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  • Jose Guzman

ICYMI: The Long Good Friday (1980)

Bob Hoskins didn’t exactly have “movie star looks.” Yet, anyone who watched him perform for more than five minutes could easily understand what a gifted actor he was and why his film career lasted almost forty years. Hoskins was a multi-faceted talent who was capable of embodying brutish intensity, working class likability, and infectious joy. From his Oscar-nominated turn in 1986’s Mona Lisa, to his surprisingly underrated work in 1988’s Who Framed Roger Rabbit, as well as being a welcoming presence in 1990’s Mermaids, 1991’s Hook and the colossally awful 1993 Super Mario Brothers, Hoskins was always captivating and universally respected. And for my money, he was the best Iago I ever saw in a 1981 BBC production of Othello directed for TV by Jonathan Miller. He was an amazing actor, period.

I first became aware of Hoskins’ limitless ability watching 1980’s The Long Good Friday. Directed by John Mackenzie (The Fourth Protocol), the film is an enthralling character study of a criminal, named Harold Shand, trying to go “legit” and watching his world implode. Hoskins gives a tour-de-force performance, and as I far as I can tell it’s the film that put him on the map.

As the film starts, Harold has just returned to London after a business trip. He is in the process of setting forth on a new venture (a legitimate one at that) and is now hosting American gangsters who will take part in a new casino. Although the idea of criminals running a casino may seem redundant/cliché, we learn that Harold sees this as an opportunity to leave his thuggish life behind and is doing everything on the up and up. At his side is his lover, Victoria (none other than Helen Mirren), who is both his arm candy and a surprisingly effective consigliere. Mirren brings complexity and sex appeal to this male-dominated world and proves herself indispensable whether she’s stroking Harold’s ego or telling the “Yankee” gangsters the way things are.

But all is not well in London, as a series of seemingly unprovoked attacks against Harold’s organization interrupt his wining and dining and threaten his dream project. At first, Harold thinks it’s just a rival organization trying to muck up Harold’s plans. As the film develops, Harold learns there are many forces at play and that leaving “the life” is a lot harder than it seems. Harold moves about the city’s underbelly trying to put out fires and discover the identity of his saboteur. It’s here we see Hoskins in his element as he adapts to each situation and transforms himself from loudmouth bulldog to charming con man to sympathetic ear – all depending on what each situation calls for. I especially liked a small scene where he jokes around with neighborhood kids who don’t realize they are trying to shake down a man who does not play nice.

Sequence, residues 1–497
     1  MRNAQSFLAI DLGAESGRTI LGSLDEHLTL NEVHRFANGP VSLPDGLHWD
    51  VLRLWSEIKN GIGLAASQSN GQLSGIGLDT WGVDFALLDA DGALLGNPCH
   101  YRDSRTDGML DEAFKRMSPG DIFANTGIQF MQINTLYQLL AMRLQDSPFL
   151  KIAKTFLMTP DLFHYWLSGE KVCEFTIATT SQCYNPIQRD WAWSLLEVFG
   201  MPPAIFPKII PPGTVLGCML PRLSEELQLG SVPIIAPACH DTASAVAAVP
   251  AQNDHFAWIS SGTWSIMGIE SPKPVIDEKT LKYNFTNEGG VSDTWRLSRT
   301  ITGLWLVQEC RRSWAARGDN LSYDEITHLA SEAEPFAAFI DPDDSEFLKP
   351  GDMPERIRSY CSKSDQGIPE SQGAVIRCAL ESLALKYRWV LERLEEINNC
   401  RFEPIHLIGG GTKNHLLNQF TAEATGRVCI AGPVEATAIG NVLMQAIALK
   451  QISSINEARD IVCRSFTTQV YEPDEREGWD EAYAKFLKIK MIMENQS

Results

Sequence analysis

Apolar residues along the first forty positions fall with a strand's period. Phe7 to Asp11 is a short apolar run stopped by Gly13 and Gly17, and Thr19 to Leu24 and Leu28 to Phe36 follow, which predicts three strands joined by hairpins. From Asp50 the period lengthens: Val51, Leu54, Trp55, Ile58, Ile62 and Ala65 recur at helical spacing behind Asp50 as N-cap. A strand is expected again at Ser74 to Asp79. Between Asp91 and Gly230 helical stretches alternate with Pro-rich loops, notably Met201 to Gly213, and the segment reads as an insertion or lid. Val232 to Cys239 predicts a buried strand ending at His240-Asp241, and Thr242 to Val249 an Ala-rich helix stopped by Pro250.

Eventually, we learn “the call is coming from inside the house” with one of Hoskins’ trusted lieutenants admitting to making a grave mistake that has caused this murderous chain of events and everything comes to a head. The final moments of the film are very powerful with Hoskins in the back of car awaiting his fate. I was reminded of a similar scene from 1974’s The Gambler. In that film, James Caan is out too much money to the wrong people and is locked in a room. For the next two minutes, he agonizes, paces, and sweats not knowing what will happen and if he will survive. It’s a showcase for some of Caan’s best work. Similarly, the last few minutes of The Long Good Friday end with a focus on Bob Hoskins face. He contorts, he fidgets, his eyes dart and the audience is absorbed as he goes on an emotional journey from shock to recognition to acceptance. It’s a great ending to a great film.

While many would regard Bob Hoskins as an immensely talented actor, I’m still not sure he got the recognition he deserved. He brought so many layers to each and every performance, he was certainly worthy of an Oscar or two. And I am sure he is an inspiration to those struggling actors who also do not conform to traditional Hollywood standards of physical beauty. But, in Harold Shand, Bob Hoskins gave the cinematic world a true masterpiece of limitless beauty.

PS – The Long Good Friday also includes Pierce Brosnan’s film debut as an IRA assassin. He has no lines but is still mesmerizing in a brief role.

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